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Act l;
go—and, for thy mother’s sake, may peace go with .
you.—[Exit Julian.]—My heart yearns towards!,
that young man ; and, if he bears the trial, my Alice J
shall be his.
Enter Deborah •with a Letter. 1
Deb. (Giving it to Major B.) Some rude fel¬
low, who wouldn’t answer a single question I asked)
him, left this for you,—an unmannerly brute. Nei->
ther his name, business, whence he came, nor where - j
he was going, could I learn. What are such tongue-!;;
less blocks fit for, I wonder ?
Major B. To be trusted. Follow his example—!
rule your tongue—or you abide not here.—Leaved
Deb. Brute!—Rule my tongue indeed. ’Tis ever I
thus with your great patriots,—they’ll let nobody j <
have freedom of speech but themselves. [Exit. '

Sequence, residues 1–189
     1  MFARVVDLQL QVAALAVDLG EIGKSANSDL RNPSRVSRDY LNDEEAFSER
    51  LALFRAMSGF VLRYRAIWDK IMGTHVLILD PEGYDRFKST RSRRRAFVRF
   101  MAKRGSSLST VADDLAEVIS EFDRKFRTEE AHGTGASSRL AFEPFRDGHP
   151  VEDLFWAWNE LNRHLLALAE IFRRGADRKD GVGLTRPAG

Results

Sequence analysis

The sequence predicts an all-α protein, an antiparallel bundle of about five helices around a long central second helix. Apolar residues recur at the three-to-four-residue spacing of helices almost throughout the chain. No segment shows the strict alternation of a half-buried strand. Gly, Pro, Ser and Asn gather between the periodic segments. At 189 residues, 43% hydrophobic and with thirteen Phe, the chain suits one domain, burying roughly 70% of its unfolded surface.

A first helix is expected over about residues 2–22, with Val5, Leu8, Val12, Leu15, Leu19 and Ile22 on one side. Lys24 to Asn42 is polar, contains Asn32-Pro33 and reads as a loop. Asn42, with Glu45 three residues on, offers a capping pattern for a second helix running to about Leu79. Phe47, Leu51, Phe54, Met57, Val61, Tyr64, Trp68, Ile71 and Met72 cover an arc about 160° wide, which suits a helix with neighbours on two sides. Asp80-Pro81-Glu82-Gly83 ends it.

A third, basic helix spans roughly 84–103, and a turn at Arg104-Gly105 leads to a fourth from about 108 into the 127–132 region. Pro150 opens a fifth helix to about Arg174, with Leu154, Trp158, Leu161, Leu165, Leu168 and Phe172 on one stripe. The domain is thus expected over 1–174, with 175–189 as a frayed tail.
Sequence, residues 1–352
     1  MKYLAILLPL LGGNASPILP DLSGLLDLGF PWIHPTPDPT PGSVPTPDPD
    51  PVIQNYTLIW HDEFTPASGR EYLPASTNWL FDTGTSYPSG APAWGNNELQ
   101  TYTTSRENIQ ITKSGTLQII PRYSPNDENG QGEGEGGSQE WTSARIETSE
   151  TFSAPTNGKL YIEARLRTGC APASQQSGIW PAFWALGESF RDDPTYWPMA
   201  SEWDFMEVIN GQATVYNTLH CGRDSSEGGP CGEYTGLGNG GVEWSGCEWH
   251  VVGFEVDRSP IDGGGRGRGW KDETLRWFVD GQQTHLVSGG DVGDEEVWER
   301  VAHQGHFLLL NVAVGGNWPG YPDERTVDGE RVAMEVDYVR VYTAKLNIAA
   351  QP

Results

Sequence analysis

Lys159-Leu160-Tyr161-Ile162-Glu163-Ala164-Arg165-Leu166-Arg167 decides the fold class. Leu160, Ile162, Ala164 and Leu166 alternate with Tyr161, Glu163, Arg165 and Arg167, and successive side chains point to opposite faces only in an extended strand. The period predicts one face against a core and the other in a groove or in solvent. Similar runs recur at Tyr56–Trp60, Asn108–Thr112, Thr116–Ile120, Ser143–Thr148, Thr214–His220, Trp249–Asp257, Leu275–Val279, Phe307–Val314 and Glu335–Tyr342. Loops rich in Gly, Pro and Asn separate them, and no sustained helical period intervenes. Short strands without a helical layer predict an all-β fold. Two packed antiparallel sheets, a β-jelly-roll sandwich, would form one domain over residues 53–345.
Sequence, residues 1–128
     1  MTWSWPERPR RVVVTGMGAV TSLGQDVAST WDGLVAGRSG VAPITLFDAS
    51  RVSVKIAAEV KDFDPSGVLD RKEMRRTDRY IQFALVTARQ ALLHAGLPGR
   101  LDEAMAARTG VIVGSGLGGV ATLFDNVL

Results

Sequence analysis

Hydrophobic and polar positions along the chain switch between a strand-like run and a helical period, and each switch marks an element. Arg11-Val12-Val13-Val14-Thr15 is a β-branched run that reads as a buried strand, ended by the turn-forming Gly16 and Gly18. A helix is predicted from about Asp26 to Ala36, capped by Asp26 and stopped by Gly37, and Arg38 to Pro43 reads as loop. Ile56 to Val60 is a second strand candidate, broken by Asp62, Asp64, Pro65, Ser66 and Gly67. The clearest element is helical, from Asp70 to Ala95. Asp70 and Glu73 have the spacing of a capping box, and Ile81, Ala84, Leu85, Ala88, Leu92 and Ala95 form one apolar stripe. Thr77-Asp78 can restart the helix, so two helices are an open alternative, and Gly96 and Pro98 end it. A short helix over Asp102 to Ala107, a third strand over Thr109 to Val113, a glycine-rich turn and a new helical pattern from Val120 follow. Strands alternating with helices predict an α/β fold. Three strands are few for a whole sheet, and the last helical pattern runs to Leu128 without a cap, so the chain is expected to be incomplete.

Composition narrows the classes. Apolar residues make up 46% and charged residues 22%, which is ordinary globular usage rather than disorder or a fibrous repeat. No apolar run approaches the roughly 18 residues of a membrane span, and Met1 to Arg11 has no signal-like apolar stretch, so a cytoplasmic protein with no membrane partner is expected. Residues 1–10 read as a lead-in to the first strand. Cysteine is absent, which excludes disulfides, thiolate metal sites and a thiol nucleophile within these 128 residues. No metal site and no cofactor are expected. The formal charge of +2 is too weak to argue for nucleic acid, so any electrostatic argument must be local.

Major B. What’s this ?—From Christian !— j
“ Our plans have failed. Bertram has suffered him- ' ■
self to be surprised, and is now a prisoner in Holm ;
Peel Castle. Look to your safety, and prepare to
leave the island.” Unfortunate reverse ! Should
the papers entrusted to Bertram’s care have fallen j '
into the Countess of Derby’s hands, I fear indeed ;
that all is lost. [Exit.
SCENE III A Front Hall in Holm Peel Castle. !
Loud shouts of “ Bring him along !—the villain !
—the traitor /”
Enter a mixed assemblage of Servants and Soldiers
dragging in Bertram.—They are preceded by
Sampson the Steward.
Samp. Bring the fratricide before me! A pretty
knave indeed 1 to be found plotting against our no- 1